As the global economy braces to lose billions in international tourism in 2020 due to coronavirus travel restrictions, a Vatican cardinal is encouraging travelers to explore “hidden places.”
Tourism and rural development, the theme of the 2020 World Day of Tourism, could indicate a way forward for the industry once the ongoing Covid-19 pandemic ends, Cardinal Peter Turkson said in a message Aug. 7.
“It begins with the invitation to take seriously and put into practice sustainable development which, in the field of tourism, means a greater interest in extra-urban tourist destinations, small villages, hamlets, roads and little-known and less frequented places,” the cardinal said, “those most hidden places to discover or rediscover precisely because they are more enchanting and unspoiled.”
The United Nation’s 41st World Tourism Day will be September 27.
Turkson, prefect of the Dicastery for Promoting Integral Human Development, noted the grave impact the coronavirus pandemic has and will have on the tourism industry and on those whose livelihoods depend on it.
“The suspension of international flights, the closure of airports and borders, the adoption of severe travel restrictions, including domestic ones, are causing an unprecedented crisis,” he said.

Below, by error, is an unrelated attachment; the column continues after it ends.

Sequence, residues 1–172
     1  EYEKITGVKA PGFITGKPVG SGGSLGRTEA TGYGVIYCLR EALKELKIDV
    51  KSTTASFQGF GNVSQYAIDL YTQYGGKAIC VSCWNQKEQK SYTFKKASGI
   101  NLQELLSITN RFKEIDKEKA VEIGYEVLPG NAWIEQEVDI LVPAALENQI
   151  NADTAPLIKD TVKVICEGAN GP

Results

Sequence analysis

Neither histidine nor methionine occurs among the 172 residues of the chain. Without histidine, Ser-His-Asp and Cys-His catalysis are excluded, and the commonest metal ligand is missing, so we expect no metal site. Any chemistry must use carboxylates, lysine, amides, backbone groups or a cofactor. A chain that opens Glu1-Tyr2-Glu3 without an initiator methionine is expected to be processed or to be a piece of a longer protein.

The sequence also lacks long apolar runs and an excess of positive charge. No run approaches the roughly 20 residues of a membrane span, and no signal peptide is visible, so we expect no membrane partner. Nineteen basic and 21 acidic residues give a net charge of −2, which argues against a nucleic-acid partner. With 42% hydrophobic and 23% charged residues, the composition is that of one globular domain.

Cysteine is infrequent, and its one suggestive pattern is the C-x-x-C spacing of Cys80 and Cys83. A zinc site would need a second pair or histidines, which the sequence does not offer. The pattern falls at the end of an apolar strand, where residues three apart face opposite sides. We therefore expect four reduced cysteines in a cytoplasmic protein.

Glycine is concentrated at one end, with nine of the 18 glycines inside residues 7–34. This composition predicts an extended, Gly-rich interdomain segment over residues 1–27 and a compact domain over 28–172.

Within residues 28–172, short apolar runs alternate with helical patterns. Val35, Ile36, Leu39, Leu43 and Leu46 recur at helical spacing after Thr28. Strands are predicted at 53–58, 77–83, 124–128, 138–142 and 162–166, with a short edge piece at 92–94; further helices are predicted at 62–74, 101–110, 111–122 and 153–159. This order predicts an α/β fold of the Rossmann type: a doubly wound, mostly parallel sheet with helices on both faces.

The cardinal cited “fears that in the worst-case scenario, at the end of 2020 there will be a decrease of about one billion international tourists, with a global economic loss of about 1.2 billion dollars.”
“The result would be a huge loss of jobs in the entire tourism sector,” he said.
Turkson also quoted the secretary general of the World Tourism Organization, Zurab Pololikashvili, who said “tourism has been the sector most affected by the global lockdown, with millions of jobs at risk in one of the most labor-intensive sectors of the economy.”
Despite these facts, Turkson encouraged people to remain optimistic and to consider how sustainable development can be put into practice through a slower, more “rural” tourism.
“It is, therefore, the promotion of sustainable and responsible tourism which, implemented according to principles of social and economic justice and in full respect of the environment and cultures, recognizes the centrality of the host local community and its right to be a protagonist in the sustainable and socially responsible development of its territory,” he stated.
It is “a tourism, therefore, that favors the positive interaction between the tourism industry, the local community and travelers.”
This would in turn also help the rural economy, on which many farmers, families, and small businesses depend, he argued.
According to Turkson, traveling in a “conscious and sober way” can also help people to “grasp the differences, small or large, among the traditions, places and communities encountered.”
“So why not turn to tourism that enhances rural and marginal areas by meeting them while walking?” he said. “This will allow us to slow down and avoid the risks of frenzy.”